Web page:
The increase interest comes as county officials report an increased number of suspected sexual abuse cases. Last month, the Montgomery County school system reported it had referred 200 cases of suspected sexual abuse and neglect to the county during the 1983-84 school year, double the number reported in 1979. The increase mirrors national and regional trends. In the Washington area, the number of suspected sexual abuse cases has increased between 10 and 50 percent since 1981, according to local child protection agencies.

Nationwide the number of suspected abuse cases reported between 1976 and 1982 increased 123 percent, according to the National Center on Child Abuse and Neglect. Approximately 6 percent of the 929,000 cases in 1982 were for sexual abuse. A 1981 study by the center found that professionals -- individuals working for local police, schools, courts and county agencies -- were reporting only about one-third of all the cases they knew about.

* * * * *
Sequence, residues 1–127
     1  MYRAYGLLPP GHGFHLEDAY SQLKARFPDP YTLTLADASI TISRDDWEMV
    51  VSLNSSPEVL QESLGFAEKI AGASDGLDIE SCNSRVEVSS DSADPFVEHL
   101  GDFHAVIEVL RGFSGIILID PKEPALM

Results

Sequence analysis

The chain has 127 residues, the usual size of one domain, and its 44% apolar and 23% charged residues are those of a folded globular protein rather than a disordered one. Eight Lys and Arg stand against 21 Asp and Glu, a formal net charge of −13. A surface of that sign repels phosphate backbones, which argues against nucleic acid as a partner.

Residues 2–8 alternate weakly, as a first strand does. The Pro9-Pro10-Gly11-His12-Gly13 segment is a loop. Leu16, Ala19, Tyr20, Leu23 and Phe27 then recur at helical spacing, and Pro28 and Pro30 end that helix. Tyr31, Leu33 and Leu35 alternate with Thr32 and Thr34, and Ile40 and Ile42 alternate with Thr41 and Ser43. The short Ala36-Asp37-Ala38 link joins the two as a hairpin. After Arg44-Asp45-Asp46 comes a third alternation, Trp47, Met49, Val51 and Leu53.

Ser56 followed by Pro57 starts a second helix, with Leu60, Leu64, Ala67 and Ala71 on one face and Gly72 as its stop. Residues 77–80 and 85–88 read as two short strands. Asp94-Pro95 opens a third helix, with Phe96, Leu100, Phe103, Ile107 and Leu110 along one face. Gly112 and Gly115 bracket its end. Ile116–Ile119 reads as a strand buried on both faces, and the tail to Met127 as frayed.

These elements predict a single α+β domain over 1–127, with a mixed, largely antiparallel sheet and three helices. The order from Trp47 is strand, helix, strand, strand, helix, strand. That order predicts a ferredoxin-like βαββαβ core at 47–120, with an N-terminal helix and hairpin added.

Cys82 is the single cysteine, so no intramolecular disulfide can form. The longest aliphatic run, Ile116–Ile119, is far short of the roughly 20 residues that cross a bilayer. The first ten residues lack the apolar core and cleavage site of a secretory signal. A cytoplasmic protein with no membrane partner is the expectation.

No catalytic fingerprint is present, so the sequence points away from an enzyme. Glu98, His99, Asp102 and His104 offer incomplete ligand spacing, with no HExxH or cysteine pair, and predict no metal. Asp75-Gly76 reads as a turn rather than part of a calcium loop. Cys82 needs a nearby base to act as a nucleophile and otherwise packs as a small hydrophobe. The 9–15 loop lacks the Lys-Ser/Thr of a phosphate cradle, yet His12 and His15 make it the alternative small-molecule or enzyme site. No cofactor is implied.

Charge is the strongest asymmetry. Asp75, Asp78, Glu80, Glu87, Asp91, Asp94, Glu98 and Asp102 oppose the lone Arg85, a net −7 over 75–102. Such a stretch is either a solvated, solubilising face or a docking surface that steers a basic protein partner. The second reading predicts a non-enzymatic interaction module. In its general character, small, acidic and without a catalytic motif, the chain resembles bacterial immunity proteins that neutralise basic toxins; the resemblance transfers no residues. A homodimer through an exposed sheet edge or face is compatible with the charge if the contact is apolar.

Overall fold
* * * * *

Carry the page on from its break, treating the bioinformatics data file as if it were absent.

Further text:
And a national survey conducted by the NEA revealed last year that uncertainty over legal responsibility has inhibited teachers from confronting the problem in a systematic way, said NEA President Mary H. Futrell.

"Teachers need to feel they aren't going to be persecuted or harassed" for reporting suspected cases, said Futrell, who also advocates that student teachers be trained in child abuse prevention and counseling before they are hired. In every state teachers are legally obligated to report suspected cases to the appropriate local agencies. Failing to do so can result in fines and even imprisonment in some states.

Marion Burkhalter, of Montgomery County's health department, and others say that teachers are the most obvious intermediary between the abused child and protective agencies because of the time they spend with students and the trust that develops between them.